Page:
A trained natural birth mother, comfortable in her abilities and her body is often quiet or peacefully moaning during labor. She may lose control briefly and scream or get louder, but labor in general is an incredibly peaceful event. A well supported women will be surrounded by loved ones and care providers who respect her in this miracle. This may change when she starts to push. Pushing requires great physical exertion and with it are often physical noises. Have you ever watched an athlete of any sort? They use their breath and their body to make noises to increase their physical power. Laboring women often do this too -purely based on instinct. A natural birth mom roars her baby into the world. This moment is magnificent and it is powerful. And- it scares the hell out of a lot of people, including women themselves.

I want to make clear that when a woman pushes her baby out, of her own free will and under her own power she is demonstrating the great power of femininity in a glorious way. She is noisy and she is amazing. She is literally pushing a 6 to 10 pound baby out of a very small part of her body. I don't care what male sport you can think of, there is nothing that even compares to this. There is inherent power in the pushing and birth of a baby.

This is why, I believe, this part of birth is so often silenced and taken away from women. An unconscious woman does not birth her own baby. It is surgically removed from her vagina by a male 'expert' in delivery. She doesn't help at all. Her power is gone. Fast forward to today, a woman who has her baby cut from her lower abdomen is not an active participant in the birth of her baby. She is having the help of a trained surgical team. If this procedure is unnecessary or coerced then she has lost her power. We instead have a silent woman with a surgically removed baby. Who has the power in this relationship? The obstetrician, not the woman. This is why a woman who feels like her c-section was unnecessary is often so dissatisfied with the experience. A mother medicated with an epidural or something similar is also often quiet during her pushing stage. She must be instructed on how to push her baby out if she can not feel to do it herself. She must be told when and how long to push by "experts" who are closely watching a fetal monitor. This whole process is backwards. An unmedicated mother does not wait to be told when to push. She knows! She tells other people when it is time. If she is in a supportive environment, people are paying attention to her, not a beeping machine attached to her. She moves how her body tells her, not how the obstetric surgeon instructs her. If she is in tune with her body she positions herself in a way that is ideal for her and the baby, but possibly inconvenient for the person catching.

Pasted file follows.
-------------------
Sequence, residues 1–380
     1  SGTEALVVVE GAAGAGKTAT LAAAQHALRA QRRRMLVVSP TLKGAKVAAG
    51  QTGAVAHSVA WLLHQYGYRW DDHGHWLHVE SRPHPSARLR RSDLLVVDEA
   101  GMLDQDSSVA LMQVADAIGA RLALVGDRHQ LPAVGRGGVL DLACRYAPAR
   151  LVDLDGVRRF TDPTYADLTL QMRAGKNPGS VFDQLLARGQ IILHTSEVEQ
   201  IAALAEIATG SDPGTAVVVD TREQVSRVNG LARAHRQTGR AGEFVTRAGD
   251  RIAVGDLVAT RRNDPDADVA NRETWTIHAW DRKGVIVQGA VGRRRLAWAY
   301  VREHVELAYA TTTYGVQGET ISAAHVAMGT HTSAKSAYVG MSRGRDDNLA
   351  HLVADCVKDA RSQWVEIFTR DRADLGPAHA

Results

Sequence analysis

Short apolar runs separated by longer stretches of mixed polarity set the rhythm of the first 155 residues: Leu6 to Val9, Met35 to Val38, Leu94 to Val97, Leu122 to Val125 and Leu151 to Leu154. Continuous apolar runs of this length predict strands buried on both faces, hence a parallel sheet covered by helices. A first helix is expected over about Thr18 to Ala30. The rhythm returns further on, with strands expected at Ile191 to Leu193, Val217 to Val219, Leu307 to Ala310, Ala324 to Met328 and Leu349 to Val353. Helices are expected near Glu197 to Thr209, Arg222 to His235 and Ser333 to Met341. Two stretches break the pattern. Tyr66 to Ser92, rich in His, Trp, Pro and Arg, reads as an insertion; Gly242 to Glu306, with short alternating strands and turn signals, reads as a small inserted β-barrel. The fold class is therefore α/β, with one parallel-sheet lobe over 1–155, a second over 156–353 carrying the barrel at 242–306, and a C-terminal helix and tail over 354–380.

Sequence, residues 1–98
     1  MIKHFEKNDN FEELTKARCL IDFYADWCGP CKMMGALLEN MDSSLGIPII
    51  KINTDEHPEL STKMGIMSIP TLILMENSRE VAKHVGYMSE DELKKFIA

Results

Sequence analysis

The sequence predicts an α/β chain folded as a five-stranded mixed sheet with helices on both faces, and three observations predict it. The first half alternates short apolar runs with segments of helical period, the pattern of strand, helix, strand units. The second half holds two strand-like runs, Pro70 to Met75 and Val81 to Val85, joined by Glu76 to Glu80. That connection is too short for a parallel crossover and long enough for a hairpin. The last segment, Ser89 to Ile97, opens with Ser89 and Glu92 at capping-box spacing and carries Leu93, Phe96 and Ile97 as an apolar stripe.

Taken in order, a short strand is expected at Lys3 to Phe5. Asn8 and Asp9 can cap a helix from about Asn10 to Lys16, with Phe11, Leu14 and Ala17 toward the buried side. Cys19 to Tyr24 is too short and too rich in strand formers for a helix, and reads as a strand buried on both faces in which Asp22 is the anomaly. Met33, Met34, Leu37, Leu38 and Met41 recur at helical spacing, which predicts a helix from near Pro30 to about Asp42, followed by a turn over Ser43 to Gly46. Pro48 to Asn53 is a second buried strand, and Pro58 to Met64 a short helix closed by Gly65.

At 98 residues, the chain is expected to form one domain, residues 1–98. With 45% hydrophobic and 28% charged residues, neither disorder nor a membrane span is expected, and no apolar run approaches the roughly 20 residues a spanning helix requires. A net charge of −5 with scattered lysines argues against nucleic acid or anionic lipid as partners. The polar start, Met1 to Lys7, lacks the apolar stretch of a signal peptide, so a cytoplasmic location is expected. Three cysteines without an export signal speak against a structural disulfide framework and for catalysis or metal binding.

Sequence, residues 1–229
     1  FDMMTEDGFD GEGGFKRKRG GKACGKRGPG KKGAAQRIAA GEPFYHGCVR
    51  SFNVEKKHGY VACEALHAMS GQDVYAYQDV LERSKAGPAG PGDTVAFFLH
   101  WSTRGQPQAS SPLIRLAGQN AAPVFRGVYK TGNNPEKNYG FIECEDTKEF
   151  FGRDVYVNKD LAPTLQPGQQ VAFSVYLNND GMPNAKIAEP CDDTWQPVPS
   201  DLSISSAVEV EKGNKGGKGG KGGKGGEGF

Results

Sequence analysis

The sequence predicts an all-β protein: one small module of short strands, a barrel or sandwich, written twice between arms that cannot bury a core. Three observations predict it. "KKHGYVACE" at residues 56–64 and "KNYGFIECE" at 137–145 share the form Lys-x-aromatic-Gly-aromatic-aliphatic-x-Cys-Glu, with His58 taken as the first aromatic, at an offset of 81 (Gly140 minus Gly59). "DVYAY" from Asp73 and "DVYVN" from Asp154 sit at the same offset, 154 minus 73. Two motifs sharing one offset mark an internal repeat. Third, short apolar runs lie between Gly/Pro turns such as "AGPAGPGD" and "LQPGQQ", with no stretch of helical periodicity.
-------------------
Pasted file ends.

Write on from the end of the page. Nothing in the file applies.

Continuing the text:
I had an OB nurse tell me that many of the mothers delivering at her hospital were so medicated that they would stop pushing when instructed, even with the babies head sitting right on the perineum. They would wait until the doctor entered the room, even for 10 or more minutes. They could feel nothing! This is ridiculous! The woman should be pushing when she wants and when she feels is convenient.

To Close-